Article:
Glorious Twelfth: Upcoming grouse hunt in peril as bad weather decimates bird numbers

Illegal kills by game-keepers to protect grouse for shoots and fears for jobs cloud idyllic scene

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The Independent Online

It was a picture of traditional Scottish country life. Across the rolling, heather-strewnmoorland shots rang out as the Glorious Twelfth ushered in the grouse-shooting season.

On one shoot on the Lammermuir Hills, 15 miles south-east of Edinburgh, shooters, gamekeepers, beaters, gunloaders and retrieval dogs were enjoying their first hunt of the year, roaming from one site to another in a procession of four-by-fours and pickup trucks.

Closer inspection, however, showed that things were not quite so idyllic. On a tour with Ian Thomson, head of investigations at RSPB Scotland, we came across a tree trunk that had been laid across a stream with a mesh cage in the middle. The cage contained what looked like a large mousetrap, designed to catch stoats and weasels that prey on grouse and their eggs.

In addition to reducing the population of predators and disease carriers such as foxes, deer, crows and mountain hares – all perfectly legal – some gamekeepers have illegally killed large numbers of hen harriers that prey on their grouse, Mr Thomson said.

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Ian Thomson, head of investigations at the RSPB, on Lammermuir Hills on Wednesday, the start of the grouse-shooting season (Martin Hunter)

It’s an accusation backed up by data. Since 2000, 20 gamekeepers have been found guilty of “raptor persecution” or poisoning offences on grouse moorland – while in 2013 alone the RSPB logged 238 reports of birds of prey being poisoned, shot or beaten to death.

Gamekeepers also burn large swathes of their estates each year to create a mosaic of areas of differently-aged heather, since grouse prefer to eat younger heather and nest in older heather. This is also legal, but the RSPB says too much heather is being burned on peat bogs that are a valuable carbon sink, and that too many bogs are being drained to enlarge the area that can be inhabited by grouse – putting bogland species such as cotton grass and bog asphodel under pressure.

 

“We are seeing grouse farming in many areas. But having an unnatural density of grouse has an adverse effect on other species,” said Mr Thomson. “We’re not seeing buzzards, or hen harriers or peregrines [falcons] and we should be. It’s wholly artificial.”

The shooting fraternity takes issue with the RSPB’s assertion that their activities are spoiling the countryside and argue that they provide a valuable means of conservation. “We manage the moors so that there are a mix of areas, from freshly burned to four or five years old, providing food and habitat for a wide range of species,” said Duncan Thomas, the North West regional officer for the British Association for Shooting and Conservation.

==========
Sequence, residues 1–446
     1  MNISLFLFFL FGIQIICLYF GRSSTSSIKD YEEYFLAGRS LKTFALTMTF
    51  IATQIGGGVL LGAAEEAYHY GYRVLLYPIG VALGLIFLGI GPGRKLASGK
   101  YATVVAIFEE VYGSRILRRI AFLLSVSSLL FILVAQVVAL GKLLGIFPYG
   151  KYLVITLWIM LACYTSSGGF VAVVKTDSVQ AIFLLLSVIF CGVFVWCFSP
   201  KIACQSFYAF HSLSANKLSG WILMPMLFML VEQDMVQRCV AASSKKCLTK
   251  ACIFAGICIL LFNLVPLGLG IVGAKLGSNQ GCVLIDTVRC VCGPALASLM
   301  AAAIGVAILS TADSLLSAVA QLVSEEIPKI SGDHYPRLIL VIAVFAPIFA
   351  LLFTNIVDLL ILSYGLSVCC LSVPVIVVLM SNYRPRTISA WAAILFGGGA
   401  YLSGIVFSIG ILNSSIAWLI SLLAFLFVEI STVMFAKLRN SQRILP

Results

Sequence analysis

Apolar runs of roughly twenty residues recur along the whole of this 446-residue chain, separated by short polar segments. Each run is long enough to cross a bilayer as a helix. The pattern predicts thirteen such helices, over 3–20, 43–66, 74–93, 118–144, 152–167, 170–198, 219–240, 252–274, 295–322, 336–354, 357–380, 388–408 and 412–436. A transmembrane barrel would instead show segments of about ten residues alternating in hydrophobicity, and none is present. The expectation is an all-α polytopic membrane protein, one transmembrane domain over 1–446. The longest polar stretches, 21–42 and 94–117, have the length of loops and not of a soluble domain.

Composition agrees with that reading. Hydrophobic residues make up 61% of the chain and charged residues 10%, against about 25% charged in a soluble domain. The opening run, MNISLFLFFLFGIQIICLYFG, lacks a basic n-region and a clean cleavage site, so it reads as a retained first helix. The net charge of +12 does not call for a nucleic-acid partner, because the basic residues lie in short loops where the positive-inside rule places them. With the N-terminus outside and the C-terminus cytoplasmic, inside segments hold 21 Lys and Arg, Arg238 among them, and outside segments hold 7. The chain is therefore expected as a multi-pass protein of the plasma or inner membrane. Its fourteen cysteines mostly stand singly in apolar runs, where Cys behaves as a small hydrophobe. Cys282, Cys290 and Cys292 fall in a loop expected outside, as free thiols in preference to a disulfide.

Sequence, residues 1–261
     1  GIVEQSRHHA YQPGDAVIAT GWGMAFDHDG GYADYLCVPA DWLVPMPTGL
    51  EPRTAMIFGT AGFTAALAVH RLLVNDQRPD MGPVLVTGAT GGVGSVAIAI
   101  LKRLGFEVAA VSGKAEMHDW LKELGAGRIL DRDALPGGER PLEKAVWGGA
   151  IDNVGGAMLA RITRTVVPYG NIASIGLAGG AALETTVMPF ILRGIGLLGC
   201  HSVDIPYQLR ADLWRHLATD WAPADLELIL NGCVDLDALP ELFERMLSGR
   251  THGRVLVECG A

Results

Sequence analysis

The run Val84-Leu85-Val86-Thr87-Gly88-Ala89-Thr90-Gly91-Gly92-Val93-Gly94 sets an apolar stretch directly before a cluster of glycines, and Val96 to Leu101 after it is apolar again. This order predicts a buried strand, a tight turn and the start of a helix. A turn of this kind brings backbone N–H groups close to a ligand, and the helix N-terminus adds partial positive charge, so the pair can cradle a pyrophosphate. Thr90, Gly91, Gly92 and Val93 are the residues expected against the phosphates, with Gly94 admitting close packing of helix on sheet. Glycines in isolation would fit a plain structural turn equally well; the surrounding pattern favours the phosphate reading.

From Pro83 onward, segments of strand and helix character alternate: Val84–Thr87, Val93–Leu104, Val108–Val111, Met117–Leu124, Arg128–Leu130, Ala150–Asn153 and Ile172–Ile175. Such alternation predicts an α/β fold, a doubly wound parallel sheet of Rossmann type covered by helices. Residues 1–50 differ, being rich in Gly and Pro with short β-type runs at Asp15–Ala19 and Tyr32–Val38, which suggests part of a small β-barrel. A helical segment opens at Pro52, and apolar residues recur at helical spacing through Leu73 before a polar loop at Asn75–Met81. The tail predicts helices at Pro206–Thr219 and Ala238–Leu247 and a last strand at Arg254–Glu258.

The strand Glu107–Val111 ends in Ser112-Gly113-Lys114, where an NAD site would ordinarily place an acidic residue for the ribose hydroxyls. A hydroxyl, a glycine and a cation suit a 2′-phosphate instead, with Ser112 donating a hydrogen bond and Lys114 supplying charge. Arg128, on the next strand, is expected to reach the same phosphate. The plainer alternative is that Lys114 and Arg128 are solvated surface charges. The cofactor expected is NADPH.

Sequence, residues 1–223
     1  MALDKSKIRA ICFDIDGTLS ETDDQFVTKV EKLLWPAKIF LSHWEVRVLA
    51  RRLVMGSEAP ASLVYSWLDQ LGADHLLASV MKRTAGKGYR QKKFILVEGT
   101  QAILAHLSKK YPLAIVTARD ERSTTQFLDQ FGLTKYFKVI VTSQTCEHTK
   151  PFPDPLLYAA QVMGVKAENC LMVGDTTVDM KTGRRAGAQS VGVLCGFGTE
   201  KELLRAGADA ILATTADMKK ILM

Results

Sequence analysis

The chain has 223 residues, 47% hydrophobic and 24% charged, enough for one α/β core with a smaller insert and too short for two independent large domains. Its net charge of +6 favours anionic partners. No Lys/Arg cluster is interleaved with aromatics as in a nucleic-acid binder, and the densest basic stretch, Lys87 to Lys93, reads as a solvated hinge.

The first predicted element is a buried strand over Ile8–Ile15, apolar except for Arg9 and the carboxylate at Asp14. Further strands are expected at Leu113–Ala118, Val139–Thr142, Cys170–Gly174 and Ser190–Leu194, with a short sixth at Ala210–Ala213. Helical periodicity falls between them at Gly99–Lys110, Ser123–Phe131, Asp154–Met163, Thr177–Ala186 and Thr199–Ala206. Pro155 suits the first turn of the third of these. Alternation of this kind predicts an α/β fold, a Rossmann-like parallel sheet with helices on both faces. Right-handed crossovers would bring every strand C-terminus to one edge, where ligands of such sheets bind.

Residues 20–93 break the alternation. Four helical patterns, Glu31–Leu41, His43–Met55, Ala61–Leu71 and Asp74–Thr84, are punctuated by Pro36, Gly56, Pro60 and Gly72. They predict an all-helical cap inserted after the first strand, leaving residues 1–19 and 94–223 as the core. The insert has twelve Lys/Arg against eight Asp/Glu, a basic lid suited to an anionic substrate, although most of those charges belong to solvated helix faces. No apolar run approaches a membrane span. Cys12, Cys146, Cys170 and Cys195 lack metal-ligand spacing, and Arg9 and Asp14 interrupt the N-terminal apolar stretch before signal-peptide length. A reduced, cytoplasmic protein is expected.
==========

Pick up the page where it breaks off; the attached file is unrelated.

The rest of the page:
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The grouse shooting industry is big business (Getty)

“If grouse shooting didn’t take place, the moors would grow into a mass of rank heather leaving a sterile wildlife environment. This would pose an enormous uncontrolled fire risk. Moorland management is essential to protect against that fire risk.”

The grouse shooting industry is big business in the uplands of Scotland and northern England, bringing £2bn a year into the rural economy and supporting 100,000 jobs in everything from pubs, restaurants and hotels to gunmaking, gamekeeping and beating the birds out of the heather for the shooters.

But despite the shots filling the Scottish moorland air, this season will be a tough one for the industry after an unusually cold spring decimated grouse populations.

“We’ve had a terrible cold spring which hammered all wildlife in the uplands, especially the wild grouse chicks,” Mr Thomas said. “A significant amount of income is generated by rural economies through grouse shooting but this season many restaurants, pubs, hotels will suffer from lost bookings. We’re talking about hundreds of thousands of pounds in lost revenue. There is disappointment and frustration.” Some local communities will be badly hit. “At one village near here – Abbeystead, in between Clitheroe and Lancaster – half of the kids at the school are gamekeepers’ children,” said Mr Thomas.

 Phil Gunning, a retired police inspector who runs a grouse syndicate on the Bowland Estate in Lancashire, was resigned: “Whatever we do in terms of upland management, using all the science at our disposal, nature is invariably on hand to remind us just who holds the upper hand,” he said.

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